Normative Imperatives and Communal Influences : The Consistory's Role in Proposing Lutheran Clergy in the 18th-Century Russian Border Area
Räihä, A. (2017). Normative Imperatives and Communal Influences : The Consistory's Role in Proposing Lutheran Clergy in the 18th-Century Russian Border Area. Scandinavian Journal of History, 42(5), 537-559. https://doi.org/10.1080/03468755.2017.1353190
Published inScandinavian Journal of History
DisciplineSuomen historiaFinnish History
© 2017 the Historical Associations of Denmark, Finland, Iceland, Norway and Sweden This is an Open Access article distributed under the terms of the Creative Commons AttributionNonCommercial-NoDerivatives License.
Merit was strongly emphasized in the Privileges of the Clergy (in 1723) and legislative reforms, as well as in the formalization of election practices in connection with clerical appointments in the Kingdom of Sweden in the early 18th century. According to existing research, this resulted in a deepening difference between the standpoints of the laity and the ecclesiastical authorities. However, in studying the appointments of clergy in the Lutheran parishes in Russia’s western border area in the mid- and late 18th century, this article argues that the boundary between the opinions of the diocesan board (in this case the Consistory of Fredrikshamn) and those of the parishioners with regard to the candidates’ suitability for vacant clerical posts may have been more fuzzy. The focus is on the consistory’s proposals for investiture. The investitures were structured according to normative rules of procedure, but the wording in the descriptions of the candidates in the consistory’s proposals strongly emphasized the importance not only of merit but also of other factors, such as the parishioners’ opinion and the different parties’ familiarity with the candidates. ...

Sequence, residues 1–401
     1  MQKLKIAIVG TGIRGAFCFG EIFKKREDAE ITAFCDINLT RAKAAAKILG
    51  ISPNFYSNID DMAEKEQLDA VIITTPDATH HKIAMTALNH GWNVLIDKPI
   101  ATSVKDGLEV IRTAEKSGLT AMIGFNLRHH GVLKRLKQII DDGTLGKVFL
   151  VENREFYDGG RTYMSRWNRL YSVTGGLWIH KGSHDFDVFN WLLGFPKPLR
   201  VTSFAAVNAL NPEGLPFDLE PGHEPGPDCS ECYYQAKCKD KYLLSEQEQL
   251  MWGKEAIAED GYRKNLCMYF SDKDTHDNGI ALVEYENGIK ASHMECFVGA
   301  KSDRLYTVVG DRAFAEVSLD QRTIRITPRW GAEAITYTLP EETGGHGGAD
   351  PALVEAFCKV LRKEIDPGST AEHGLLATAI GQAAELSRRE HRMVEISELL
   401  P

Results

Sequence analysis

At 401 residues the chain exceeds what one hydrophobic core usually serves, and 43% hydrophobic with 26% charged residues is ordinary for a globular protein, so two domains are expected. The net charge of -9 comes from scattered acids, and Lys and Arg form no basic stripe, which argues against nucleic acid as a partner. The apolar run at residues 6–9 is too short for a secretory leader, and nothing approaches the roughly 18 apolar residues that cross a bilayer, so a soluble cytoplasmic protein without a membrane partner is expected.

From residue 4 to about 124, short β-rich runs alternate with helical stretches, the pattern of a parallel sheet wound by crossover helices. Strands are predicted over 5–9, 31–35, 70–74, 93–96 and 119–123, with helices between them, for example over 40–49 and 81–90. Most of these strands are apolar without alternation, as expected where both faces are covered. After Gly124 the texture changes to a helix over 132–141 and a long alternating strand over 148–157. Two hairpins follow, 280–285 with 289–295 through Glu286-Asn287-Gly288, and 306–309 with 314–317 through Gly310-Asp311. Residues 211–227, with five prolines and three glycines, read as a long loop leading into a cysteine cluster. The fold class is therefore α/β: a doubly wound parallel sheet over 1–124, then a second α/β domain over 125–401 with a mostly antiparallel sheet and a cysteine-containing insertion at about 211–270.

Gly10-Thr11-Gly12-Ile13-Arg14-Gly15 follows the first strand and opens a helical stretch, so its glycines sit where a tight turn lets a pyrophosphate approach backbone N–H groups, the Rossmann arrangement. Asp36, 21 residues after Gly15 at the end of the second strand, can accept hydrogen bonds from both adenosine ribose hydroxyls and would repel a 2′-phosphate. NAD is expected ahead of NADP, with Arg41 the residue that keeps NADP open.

PublisherRoutledge, Taylor & Francis Group
ISSN Search the Publication Forum0346-8755
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Except where otherwise noted, this item's license is described as © 2017 the Historical Associations of Denmark, Finland, Iceland, Norway and Sweden This is an Open Access article distributed under the terms of the Creative Commons AttributionNonCommercial-NoDerivatives License.
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